the ILO was therefore particularly timely. Mr. Kemba welcomed the
participants to Namibia and challenged everyone to work hard at
finding solutions during the Workshop.
Ms. Mary Chinery-Hesse, Executive
Director, Social Protection Sector, ILO, welcomed the participants
and spoke extensively on the extent, magnitude and consequences of
the problem and the need for the constituents to combat the ravages
of this terrible pandemic affecting the world of work. She
highlighted the issues of greatest concern to the ILO which could
provide opportunities or entry points for intervention:
discrimination against HIV/AIDS-infected persons in employment; the
impact on child labour; the impact on the quality of labour and
productivity and its negative effects on the growth of small
enterprises and the informal sector; the differential impact of
HIV/AIDS on men and women; the linkages with migration and the
adverse consequences on social security, for example the
implications for government expenditure and social services.
She pointed out that the ILO was
prepared to assist in slowing the spread of HIV/AIDS through a wide
range of interventions. These could include sensitising employers
and encouraging them to make HIV/AIDS a corporate priority,
emphasising the collective responsibility of workers through the ILO
workers' education programme and sensitising governments to the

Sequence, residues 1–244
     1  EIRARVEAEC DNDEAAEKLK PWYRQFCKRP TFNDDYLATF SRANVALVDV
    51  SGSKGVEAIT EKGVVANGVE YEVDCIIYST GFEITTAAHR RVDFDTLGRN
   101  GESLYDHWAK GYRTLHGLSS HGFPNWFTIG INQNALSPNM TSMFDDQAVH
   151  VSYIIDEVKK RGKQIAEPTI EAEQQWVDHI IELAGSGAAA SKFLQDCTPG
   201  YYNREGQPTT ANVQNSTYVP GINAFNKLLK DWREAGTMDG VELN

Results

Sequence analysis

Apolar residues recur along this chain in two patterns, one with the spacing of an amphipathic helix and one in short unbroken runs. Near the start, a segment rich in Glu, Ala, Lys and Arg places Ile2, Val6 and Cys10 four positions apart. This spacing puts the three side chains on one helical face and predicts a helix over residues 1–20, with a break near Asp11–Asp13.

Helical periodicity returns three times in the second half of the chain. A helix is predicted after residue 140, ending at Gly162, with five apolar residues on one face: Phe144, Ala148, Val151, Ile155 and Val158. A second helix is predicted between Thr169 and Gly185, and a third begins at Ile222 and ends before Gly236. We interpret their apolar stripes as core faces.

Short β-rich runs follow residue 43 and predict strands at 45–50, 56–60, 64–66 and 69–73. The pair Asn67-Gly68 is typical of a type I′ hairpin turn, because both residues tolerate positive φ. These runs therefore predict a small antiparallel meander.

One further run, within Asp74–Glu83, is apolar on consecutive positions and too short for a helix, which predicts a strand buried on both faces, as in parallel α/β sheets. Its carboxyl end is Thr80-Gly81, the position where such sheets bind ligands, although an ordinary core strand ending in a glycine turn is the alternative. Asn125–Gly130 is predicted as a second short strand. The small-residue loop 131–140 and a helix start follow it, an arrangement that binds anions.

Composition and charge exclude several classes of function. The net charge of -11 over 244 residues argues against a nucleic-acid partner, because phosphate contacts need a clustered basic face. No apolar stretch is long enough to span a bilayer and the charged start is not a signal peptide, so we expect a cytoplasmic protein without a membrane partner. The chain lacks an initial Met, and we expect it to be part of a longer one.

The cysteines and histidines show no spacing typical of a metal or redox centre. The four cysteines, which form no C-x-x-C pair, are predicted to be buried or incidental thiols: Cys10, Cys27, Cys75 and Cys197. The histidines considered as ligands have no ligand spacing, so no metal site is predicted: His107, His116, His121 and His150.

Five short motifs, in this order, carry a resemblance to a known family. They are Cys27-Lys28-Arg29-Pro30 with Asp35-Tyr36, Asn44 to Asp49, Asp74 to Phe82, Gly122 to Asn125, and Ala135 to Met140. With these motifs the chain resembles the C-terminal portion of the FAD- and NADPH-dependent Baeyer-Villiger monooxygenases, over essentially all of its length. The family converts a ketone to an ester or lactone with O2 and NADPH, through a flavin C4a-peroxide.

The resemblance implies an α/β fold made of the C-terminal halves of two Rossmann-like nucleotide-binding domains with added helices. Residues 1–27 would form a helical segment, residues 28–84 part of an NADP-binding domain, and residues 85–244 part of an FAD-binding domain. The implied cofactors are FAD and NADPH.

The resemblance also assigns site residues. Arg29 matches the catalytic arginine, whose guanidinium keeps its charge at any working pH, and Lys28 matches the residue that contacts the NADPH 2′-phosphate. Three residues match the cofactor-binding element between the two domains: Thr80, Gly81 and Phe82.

impact of the problem on development efforts. She expected the
Workshop to help the ILO define an integrated and coherent approach,
which would enable it to make a difference, and a realistic Platform
of Action, which would provide a basis for cooperation. She
concluded by saying that "while the whole world is waiting for a
vaccine in the medical field to prevent HIV/AIDS, let us make use of
ILO facilities and values such as tripartism, equality and social
justice, to effectively develop a social vaccine".
The representative of the workers'
participants, Mr. M. Besha of the Organization of African Trade
Union Unity (OATUU), noted that the Workshop was long overdue. He
noted that the ILO had taken certain initiatives, and that his
organization had also organised many workshops, undertaken research
and studies, run training of trainers and of workplace level
unionists. He noted that the impact of HIV/AIDS in the workplace was
alarming. To what extent had the ILO really attacked the problem of
this killer disease? He hoped that this Workshop would lead to the
development of effective strategies that would include workers and
The representative of the
employers' participants, Mr. R. Iacona of the Ethiopian Federation
of Employers, endorsed the support given to this important Workshop
by the workers, stressing that employers could not fight HIV/AIDS in
the world of work alone. Action was required by all social partners.
This Workshop should help arrive at strategies not only covering
prevention but also protection of already infected persons.
The representative of the Joint
United Nations Programme on HIV/AIDS (UNAIDS), Mr. A. Sy, Director
of the Subregional Southern African Programme, recalled that
throughout history, societies had been affected by epidemics and
other natural catastrophes, and individuals, families, communities